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Taco
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Location: Stuntin in the trap son

PostPosted: Mon Apr 11, 2011 10:54 am    Post subject: Reply with quote

I used to run a decent amount (50 miles per week or so), and now I bike (average 36mi a week), which helps a lot. I simply avoid postholing by choosing certain routes and times. I do not own snowshoes. Postholing itself is an exercise that "helps" you.

The biking is great because it's easy on the joints and (IMHO) much more fun than running, since you can go see more stuff, and you can go downhill and relax.

I have synthetic/leather boots, Scarpa Charmoz (same as La Sportiva Trango basically). IMHO the ideal alpine boot for SoCal.
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Illusive



Joined: 28 Jan 2011
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Location: La Puente, CA

PostPosted: Mon Apr 11, 2011 1:30 pm    Post subject: Reply with quote

Are your hips and knees typically sore from hiking, or is it just hiking in the snow that causes the soreness?

Did you have a lot of Post holing and hiked on softer non packed snow?
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kristo5747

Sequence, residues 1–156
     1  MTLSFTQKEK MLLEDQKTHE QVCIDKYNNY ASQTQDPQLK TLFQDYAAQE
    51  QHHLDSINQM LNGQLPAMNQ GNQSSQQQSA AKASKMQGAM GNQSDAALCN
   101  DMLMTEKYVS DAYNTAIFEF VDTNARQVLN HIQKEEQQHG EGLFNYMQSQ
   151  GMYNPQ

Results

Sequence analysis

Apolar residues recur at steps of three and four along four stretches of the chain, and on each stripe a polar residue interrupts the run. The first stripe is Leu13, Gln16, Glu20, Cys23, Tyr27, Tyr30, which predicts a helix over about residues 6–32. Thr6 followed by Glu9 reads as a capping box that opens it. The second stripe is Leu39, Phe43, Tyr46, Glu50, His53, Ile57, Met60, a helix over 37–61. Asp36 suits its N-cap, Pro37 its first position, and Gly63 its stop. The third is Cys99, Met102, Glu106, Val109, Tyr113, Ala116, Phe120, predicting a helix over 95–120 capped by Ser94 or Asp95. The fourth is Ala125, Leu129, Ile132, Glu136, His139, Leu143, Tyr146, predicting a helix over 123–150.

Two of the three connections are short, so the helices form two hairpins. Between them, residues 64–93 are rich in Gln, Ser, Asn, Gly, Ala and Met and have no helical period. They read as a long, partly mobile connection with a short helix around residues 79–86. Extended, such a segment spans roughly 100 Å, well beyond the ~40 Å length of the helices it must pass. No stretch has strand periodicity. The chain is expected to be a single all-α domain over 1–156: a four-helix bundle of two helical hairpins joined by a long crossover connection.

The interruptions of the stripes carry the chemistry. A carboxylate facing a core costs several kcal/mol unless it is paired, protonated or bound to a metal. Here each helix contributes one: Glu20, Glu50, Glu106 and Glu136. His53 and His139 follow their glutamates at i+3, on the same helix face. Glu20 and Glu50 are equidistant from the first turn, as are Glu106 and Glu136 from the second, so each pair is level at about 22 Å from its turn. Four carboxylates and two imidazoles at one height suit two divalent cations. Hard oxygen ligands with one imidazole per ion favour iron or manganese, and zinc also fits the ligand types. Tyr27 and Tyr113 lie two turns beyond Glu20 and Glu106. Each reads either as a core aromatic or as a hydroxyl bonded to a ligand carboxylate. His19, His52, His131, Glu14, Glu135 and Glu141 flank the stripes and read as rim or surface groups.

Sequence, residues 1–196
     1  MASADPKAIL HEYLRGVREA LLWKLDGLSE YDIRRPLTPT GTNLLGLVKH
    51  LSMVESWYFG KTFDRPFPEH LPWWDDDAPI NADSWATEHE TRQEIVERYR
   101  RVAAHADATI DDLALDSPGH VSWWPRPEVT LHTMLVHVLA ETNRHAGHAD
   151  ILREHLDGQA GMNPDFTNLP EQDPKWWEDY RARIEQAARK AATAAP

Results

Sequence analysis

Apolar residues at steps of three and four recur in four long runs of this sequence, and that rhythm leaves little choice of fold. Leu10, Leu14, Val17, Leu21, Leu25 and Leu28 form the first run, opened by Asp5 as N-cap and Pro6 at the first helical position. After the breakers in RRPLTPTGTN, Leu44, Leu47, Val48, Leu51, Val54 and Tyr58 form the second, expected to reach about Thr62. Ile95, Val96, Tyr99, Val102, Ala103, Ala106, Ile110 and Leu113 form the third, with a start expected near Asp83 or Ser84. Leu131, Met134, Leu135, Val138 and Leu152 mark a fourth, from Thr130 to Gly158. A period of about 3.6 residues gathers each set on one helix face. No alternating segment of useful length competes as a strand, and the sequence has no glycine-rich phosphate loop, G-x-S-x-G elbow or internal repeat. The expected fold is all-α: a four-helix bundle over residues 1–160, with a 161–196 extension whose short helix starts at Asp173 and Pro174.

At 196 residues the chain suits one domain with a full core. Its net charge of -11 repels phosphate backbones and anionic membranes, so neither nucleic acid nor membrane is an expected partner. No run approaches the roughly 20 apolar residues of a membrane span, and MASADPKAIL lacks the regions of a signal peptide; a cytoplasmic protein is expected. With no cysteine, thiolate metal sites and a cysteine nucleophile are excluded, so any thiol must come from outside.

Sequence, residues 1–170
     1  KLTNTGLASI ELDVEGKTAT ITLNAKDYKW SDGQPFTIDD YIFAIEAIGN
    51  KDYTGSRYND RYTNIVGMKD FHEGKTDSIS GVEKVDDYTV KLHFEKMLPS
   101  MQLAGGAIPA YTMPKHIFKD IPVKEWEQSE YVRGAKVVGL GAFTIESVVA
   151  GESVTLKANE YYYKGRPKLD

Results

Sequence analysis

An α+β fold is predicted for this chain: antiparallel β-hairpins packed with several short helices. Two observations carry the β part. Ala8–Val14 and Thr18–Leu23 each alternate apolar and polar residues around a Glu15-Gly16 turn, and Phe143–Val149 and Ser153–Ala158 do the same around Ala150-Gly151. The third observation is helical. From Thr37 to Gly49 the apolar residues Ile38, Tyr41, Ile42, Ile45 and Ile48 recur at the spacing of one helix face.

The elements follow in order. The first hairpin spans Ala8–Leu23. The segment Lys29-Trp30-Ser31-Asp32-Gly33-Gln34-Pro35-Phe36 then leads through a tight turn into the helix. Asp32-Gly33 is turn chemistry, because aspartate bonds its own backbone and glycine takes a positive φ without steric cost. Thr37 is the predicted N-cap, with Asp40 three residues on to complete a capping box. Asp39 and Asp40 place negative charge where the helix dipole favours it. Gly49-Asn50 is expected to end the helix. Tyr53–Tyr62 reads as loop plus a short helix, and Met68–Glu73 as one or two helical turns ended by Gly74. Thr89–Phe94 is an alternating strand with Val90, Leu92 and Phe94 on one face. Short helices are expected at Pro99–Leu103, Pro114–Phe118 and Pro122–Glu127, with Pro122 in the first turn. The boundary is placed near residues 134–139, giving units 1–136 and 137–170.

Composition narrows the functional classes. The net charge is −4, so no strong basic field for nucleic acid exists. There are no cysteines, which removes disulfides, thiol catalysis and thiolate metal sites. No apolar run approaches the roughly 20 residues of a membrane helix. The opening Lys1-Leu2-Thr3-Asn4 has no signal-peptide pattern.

Joined: 15 Sep 2009
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Location: Los Angeles

PostPosted: Mon Apr 11, 2011 4:19 pm    Post subject: Reply with quote

Illusive wrote:
Are your hips and knees typically sore from hiking, or is it just hiking in the snow that causes the soreness?
in the snow, soreness scores at 10 (really sore). In the summer, the score is zero, sometimes 1.
Quote:

Did you have a lot of Post holing and hiked on softer non packed snow?
some and yes.
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Illusive



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Location: La Puente, CA

PostPosted: Mon Apr 11, 2011 8:50 pm    Post subject: Reply with quote

It sounds like a few sets of lunges/scissor kicks at least 2-3x per week will help strengthen the areas you're having problems with while navigating on the softer snow.  

Though I'm not sure what good that will do with the snow melting and probably not returning till next year.  However doing the exercise will help with non snow hiking as well Very Happy

You don't have to add any weights to do lunges since most people's body weight is sufficient for a single leg lunge to get a good workout especially if you do the scissor kicks.

For a description of scissor kicks:

"From a regular standing position, take one big step forward and lower yourself into a forward stepping lunge. This is the start position jump and explode off the ground, getting enough air under you to scissor kick your legs and land with your opposite leg forward and ready to crouch down to the lunge position. Keep doing this, alternating your legs on each jump/repetition for 60 seconds."
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kristo5747



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Location: Los Angeles

PostPosted: Tue Apr 12, 2011 4:19 pm    Post subject: Reply with quote

Interesting. I'll give a try.

Thanks for the advice. Very Happy